What then of an actual cricket ground or stadium fit for international cricket? There has been silence on the subject recently, with the national headlines focusing on a new velodrome but nothing specific on the cricketing front. There is a grass fielding area, and space for a ground, but as yet, little progress.

That’s not to say Cricket Ireland hasn’t been working in the background, operating the channels.

“The development of permanent infrastructure has become our primary strategic priority, and we sincerely hope that the Government will be able to assist us in taking this urgent initiative forward,” said Warren Deutrom in an email to Kathy Fagan, John Kelly and Brendan Ingram last autumn.

There appears to have been positive feedback from the government in terms of assisting with the development of the pitch and outfield, but little with regard to any of the permanent facilities and infrastructure required for top level cricket. That was confirmed in another email to the relevant officials from Warren Deutrom.

“However, conversations with the Irish Government in relation to the development of permanent infrastructure for cricket have seen a number of undertakings made since 2007 but, in that time, little concrete progress has been made, and we have been forced into spending millions of euro on transforming ostensible greenfield sites into temporary stadia commensurate with our new status as an ICC Test nation and Full Member.

“I am formally requesting a meeting with the Minister and relevant officials to once again put the case forward for cricket in relation to its undoubted ability to deliver valuable local economic impact, to reach global audiences no other sport can reach, and to penetrate lucrative overseas markets that no other Irish cultural entity can deliver, especially South Asia.”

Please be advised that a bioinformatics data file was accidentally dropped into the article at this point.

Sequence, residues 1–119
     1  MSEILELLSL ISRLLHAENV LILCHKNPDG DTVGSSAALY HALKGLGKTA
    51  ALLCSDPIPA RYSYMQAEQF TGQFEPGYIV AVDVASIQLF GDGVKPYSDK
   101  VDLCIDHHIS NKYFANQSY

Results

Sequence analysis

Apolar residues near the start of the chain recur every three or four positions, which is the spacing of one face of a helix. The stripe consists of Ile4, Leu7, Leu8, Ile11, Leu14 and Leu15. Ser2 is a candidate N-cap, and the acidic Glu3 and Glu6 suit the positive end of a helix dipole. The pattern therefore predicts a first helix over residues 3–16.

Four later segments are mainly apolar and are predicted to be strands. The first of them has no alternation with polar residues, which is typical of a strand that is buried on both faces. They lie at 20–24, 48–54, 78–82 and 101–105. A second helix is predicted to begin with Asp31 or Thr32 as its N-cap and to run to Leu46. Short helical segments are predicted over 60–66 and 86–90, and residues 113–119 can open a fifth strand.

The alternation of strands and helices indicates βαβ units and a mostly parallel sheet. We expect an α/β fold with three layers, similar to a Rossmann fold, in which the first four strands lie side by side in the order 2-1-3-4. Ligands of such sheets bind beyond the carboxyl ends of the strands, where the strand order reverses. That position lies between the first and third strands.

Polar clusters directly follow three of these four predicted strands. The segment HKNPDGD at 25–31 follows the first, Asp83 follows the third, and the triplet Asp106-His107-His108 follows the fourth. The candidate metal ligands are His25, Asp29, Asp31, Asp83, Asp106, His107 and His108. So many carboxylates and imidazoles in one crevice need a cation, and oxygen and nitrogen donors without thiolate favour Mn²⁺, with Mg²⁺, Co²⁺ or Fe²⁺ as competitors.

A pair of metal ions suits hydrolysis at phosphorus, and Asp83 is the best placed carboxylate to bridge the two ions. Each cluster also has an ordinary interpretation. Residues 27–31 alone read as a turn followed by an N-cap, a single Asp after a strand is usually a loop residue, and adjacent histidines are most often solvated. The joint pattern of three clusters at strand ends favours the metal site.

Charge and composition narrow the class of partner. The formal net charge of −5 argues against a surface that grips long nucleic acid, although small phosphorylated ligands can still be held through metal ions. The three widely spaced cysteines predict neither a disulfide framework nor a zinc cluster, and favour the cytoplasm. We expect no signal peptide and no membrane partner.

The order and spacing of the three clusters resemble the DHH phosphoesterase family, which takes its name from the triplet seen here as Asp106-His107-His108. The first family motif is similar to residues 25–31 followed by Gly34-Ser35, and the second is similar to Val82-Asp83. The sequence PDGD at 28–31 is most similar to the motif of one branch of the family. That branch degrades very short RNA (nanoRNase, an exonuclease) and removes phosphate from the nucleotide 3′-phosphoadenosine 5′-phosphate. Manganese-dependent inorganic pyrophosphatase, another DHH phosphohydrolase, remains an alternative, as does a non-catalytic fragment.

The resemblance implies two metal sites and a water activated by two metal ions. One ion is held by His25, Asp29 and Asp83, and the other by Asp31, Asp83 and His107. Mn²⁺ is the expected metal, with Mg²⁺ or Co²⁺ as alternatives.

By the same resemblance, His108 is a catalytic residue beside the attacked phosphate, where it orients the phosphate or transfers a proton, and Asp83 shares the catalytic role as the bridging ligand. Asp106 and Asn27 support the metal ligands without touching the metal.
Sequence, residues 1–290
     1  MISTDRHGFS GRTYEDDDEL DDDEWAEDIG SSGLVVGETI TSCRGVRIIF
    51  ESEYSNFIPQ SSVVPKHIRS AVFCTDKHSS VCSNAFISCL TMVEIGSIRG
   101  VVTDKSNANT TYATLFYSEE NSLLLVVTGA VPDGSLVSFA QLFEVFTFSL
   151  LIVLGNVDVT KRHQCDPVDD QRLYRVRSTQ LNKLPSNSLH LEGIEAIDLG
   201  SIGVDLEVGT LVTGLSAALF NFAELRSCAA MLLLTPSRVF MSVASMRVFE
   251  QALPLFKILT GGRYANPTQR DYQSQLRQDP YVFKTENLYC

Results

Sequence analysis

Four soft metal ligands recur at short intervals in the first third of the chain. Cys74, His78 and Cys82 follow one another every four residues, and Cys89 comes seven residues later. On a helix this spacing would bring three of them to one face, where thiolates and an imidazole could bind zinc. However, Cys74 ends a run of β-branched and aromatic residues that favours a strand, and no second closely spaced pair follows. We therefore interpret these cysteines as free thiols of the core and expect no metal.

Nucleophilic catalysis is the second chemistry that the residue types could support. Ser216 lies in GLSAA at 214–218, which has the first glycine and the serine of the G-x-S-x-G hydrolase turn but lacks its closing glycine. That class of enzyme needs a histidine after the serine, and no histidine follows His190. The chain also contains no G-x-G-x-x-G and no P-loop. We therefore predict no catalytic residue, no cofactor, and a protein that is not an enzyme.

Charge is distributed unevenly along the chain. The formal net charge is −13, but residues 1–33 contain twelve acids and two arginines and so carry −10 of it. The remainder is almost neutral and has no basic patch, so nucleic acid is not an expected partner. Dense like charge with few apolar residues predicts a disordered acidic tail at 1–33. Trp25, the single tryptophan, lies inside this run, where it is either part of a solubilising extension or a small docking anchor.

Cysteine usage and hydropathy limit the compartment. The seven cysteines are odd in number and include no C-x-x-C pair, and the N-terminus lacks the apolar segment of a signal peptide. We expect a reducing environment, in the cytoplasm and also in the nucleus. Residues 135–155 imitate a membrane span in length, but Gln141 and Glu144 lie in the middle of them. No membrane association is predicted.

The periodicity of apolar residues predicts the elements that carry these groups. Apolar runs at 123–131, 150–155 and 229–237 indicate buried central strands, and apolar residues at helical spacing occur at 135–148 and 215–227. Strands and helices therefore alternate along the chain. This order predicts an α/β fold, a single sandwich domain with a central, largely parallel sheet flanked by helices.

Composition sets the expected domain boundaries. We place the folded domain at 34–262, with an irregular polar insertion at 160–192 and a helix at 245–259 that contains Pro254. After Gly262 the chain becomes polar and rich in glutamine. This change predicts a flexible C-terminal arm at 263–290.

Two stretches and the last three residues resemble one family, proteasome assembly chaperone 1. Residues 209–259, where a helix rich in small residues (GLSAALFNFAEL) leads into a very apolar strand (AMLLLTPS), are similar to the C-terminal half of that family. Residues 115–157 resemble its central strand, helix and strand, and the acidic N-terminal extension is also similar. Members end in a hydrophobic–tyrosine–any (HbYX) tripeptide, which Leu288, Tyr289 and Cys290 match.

Cricket Ireland are of the opinion that the government gave a public written undertaking to develop a new stadium at the NSC at Abbotstown when Leo Varadkar mentioned it in a message in the match programme for the India matches back in 2018. On the back of that, CI were seeking, “to enter into good-faith negotiations to bring this project to fruition.” I’m not sure how much weight that message from Varadkar carries, but no doubt we will see how successful the Cricket Ireland lobbying has been over the coming months..or years….

While all eyes will be concentrated over the coming weeks on the T20 World Cup Qualifiers in Oman, the nights are getting longer with attention switching to the home season.

The domestic fixtures appear to be in limbo, with the unions awaiting confirmation of the interprovincial and international calendar before the various cup competitions and local fixtures can be slotted in to the big jigsaw.
Why the delay?

Well it all hinges on whether the biggest draw in world cricket confirms their attendance on these shores. As Cricket Ireland President Philip Black hinted at last month during the West Indies tour, India are in the frame to come for two T20I’s ahead of their tour of England.

If that gets the green light then it will be a huge financial boost for the Irish coffers, and much of the jam on the bread in terms of cricket for the year ahead is dependent on their arrival.

Ireland and Bangladesh are due to play in the World Cup Super League in May, but that be pushed back to 2023 – both sides would be willing but it’s still to be confirmed. New Zealand will be here in July, while Afghanistan are due in August.

And hopefully if things go to plan, Ireland will be off to Australia in October for the T20 World Cup if successful in Oman later this month.

There is good news too for Ireland Women, who may well be playing Australia and Pakistan as the pair are planning to tour Ireland as part of their Commonwealth Games preparations. Ed Joyce’s side are also part of the ICC Championship and we await to see how the fixtures in that will take shape over the next few years.
Potentially then a bumper summer of cricket in store.

Fingers crossed.